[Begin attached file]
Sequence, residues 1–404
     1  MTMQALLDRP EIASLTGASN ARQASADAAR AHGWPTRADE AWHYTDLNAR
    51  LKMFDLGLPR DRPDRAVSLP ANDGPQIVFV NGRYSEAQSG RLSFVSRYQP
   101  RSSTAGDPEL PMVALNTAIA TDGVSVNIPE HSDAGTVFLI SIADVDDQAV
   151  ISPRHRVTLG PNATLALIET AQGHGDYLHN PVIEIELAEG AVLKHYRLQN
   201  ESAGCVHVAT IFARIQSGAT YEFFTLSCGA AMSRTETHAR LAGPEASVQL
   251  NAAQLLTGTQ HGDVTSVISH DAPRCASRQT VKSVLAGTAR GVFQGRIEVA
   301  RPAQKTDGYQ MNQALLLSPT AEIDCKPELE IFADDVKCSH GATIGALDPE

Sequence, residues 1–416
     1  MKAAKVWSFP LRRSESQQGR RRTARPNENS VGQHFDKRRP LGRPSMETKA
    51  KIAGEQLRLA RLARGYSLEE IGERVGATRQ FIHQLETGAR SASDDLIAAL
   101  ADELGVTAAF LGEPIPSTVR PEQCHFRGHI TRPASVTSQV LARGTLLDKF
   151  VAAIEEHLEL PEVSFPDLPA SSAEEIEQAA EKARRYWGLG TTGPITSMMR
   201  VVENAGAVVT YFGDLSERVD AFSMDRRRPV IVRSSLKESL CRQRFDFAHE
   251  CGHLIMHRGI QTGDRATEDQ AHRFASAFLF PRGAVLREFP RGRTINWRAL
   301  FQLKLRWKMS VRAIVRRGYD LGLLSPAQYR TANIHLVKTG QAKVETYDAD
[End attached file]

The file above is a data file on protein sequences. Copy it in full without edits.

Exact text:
Sequence, residues 1–404
     1  MTMQALLDRP EIASLTGASN ARQASADAAR AHGWPTRADE AWHYTDLNAR
    51  LKMFDLGLPR DRPDRAVSLP ANDGPQIVFV NGRYSEAQSG RLSFVSRYQP
   101  RSSTAGDPEL PMVALNTAIA TDGVSVNIPE HSDAGTVFLI SIADVDDQAV
   151  ISPRHRVTLG PNATLALIET AQGHGDYLHN PVIEIELAEG AVLKHYRLQN
   201  ESAGCVHVAT IFARIQSGAT YEFFTLSCGA AMSRTETHAR LAGPEASVQL
   251  NAAQLLTGTQ HGDVTSVISH DAPRCASRQT VKSVLAGTAR GVFQGRIEVA
   301  RPAQKTDGYQ MNQALLLSPT AEIDCKPELE IFADDVKCSH GATIGALDPE

Sequence, residues 1–416
     1  MKAAKVWSFP LRRSESQQGR RRTARPNENS VGQHFDKRRP LGRPSMETKA
    51  KIAGEQLRLA RLARGYSLEE IGERVGATRQ FIHQLETGAR SASDDLIAAL
   101  ADELGVTAAF LGEPIPSTVR PEQCHFRGHI TRPASVTSQV LARGTLLDKF
   151  VAAIEEHLEL PEVSFPDLPA SSAEEIEQAA EKARRYWGLG TTGPITSMMR
   201  VVENAGAVVT YFGDLSERVD AFSMDRRRPV IVRSSLKESL CRQRFDFAHE
   251  CGHLIMHRGI QTGDRATEDQ AHRFASAFLF PRGAVLREFP RGRTINWRAL
   301  FQLKLRWKMS VRAIVRRGYD LGLLSPAQYR TANIHLVKTG QAKVETYDAD